"does the intended purpose of a language have any bearing on how it's actually used, or whether it becomes popular?"
I don't think the intended purpose of a language has much bearing on its actual use and popularity: There are some great languages that were designed from the start to be innovative, flexible and versitile, but never became that widely used or popular except in very specialized vertical markets - for example Eiffel. OTOH, Basic, Pascal, C etc etc dominated the landscape for years although they were designed originally for limited, specific purposes.
IMO Marketing/financial and support considerations have always played a major role in the spread and extension of certain languages. For example: Borland comes up with TurboPascal and packages, markets and supports it. MS comes up with C# and packages, markets and supports it. As a result, these languages became popular, third party tool industries sprung up and more and more developers and enterprises jump on the bandwagon.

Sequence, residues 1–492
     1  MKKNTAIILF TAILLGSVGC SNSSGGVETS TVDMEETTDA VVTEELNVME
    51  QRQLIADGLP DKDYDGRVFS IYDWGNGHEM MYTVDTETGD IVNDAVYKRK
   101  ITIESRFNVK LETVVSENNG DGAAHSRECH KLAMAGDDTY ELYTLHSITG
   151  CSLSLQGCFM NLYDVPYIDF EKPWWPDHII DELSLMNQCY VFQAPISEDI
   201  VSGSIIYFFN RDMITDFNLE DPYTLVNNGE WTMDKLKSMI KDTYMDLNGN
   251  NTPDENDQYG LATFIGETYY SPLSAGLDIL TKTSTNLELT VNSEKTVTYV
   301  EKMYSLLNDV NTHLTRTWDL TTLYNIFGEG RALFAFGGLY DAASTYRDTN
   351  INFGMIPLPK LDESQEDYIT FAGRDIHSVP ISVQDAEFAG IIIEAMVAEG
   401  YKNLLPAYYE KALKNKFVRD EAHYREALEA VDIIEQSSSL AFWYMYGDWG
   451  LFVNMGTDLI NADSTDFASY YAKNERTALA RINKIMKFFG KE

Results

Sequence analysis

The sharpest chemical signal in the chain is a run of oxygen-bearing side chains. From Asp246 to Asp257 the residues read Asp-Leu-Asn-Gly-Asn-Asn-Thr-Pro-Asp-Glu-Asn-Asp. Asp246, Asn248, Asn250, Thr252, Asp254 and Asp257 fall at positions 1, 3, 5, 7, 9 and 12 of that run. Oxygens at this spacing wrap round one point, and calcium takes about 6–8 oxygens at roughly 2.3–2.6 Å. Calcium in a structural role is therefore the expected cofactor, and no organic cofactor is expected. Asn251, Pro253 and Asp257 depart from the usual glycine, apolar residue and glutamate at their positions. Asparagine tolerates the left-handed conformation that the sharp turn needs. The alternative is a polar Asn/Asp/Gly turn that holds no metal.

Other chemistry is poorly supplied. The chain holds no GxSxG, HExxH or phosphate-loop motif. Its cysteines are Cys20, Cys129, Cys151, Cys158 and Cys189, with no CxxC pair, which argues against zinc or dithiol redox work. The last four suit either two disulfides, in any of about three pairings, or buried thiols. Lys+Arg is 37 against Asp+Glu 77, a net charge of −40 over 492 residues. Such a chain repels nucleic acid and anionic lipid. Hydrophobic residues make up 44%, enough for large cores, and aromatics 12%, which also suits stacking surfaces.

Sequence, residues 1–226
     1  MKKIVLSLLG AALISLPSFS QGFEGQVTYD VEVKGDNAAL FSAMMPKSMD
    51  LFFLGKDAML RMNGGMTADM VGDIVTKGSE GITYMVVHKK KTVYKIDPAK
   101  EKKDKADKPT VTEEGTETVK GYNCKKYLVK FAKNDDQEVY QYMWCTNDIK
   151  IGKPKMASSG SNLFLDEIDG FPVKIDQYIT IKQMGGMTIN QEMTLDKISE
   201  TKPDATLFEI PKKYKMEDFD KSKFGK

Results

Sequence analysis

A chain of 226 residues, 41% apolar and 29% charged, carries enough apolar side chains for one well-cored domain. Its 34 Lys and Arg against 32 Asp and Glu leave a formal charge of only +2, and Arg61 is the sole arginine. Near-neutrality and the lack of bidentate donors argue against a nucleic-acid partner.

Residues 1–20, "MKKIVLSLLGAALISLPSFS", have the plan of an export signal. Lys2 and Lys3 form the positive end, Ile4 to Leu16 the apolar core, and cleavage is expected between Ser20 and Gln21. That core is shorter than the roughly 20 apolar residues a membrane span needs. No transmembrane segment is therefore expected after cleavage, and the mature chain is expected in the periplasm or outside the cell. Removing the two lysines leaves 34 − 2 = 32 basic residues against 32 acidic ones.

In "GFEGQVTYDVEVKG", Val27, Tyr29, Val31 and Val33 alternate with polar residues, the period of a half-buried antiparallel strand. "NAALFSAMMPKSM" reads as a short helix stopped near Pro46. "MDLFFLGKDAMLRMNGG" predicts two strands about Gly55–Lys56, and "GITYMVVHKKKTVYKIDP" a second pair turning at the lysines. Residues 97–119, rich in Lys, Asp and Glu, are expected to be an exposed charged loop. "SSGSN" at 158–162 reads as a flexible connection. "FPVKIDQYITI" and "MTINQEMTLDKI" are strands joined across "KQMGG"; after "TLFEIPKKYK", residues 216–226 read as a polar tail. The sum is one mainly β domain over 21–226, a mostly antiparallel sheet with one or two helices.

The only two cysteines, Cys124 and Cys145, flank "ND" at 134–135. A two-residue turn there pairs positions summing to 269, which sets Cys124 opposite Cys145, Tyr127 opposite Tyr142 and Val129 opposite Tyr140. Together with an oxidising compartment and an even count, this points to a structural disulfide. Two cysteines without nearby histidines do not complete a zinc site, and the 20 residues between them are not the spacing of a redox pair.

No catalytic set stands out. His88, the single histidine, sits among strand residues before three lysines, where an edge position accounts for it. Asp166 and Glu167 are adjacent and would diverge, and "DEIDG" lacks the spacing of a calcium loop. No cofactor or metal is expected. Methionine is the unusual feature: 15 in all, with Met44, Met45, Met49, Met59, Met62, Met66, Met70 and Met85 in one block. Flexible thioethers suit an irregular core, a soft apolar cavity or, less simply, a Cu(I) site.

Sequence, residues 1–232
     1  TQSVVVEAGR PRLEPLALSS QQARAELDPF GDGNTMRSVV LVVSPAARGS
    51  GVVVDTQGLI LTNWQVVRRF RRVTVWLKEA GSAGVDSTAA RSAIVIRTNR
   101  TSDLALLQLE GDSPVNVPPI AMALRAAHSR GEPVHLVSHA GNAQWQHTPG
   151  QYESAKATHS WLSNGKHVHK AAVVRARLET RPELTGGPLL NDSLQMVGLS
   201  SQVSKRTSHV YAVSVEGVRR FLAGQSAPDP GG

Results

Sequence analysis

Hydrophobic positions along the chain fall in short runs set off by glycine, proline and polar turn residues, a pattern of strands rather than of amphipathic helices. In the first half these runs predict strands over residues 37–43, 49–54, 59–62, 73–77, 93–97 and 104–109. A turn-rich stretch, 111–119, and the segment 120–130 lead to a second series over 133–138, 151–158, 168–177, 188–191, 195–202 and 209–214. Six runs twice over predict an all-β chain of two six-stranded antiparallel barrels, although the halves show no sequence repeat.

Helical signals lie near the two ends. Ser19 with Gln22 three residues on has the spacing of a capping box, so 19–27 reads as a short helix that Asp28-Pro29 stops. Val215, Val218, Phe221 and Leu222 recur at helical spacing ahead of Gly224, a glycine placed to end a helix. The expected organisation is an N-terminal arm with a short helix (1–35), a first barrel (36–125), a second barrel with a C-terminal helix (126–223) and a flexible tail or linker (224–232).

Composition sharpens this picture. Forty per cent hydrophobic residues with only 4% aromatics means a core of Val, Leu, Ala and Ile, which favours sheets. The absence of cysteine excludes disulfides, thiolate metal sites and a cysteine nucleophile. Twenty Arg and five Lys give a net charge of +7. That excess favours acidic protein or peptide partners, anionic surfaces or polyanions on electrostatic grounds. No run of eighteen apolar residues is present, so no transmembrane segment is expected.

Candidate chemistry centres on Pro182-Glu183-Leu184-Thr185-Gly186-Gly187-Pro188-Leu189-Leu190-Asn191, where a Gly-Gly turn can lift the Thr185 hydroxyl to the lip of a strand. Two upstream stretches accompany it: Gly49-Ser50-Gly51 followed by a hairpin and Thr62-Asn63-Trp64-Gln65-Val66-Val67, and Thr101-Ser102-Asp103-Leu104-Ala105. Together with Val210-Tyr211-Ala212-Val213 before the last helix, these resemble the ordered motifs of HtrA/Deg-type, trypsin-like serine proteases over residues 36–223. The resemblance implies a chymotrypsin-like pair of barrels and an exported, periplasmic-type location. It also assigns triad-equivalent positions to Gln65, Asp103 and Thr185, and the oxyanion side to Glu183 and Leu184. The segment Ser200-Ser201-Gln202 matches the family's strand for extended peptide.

But for the last few years, openSource languages and tools are changing the dynamic and languages now become popular based more on 'merit' than marketing - for example Ruby, Python and Perl. But that's not because of the 'intent' of the inventors so much as the language's built in potential for extension and expedient usage.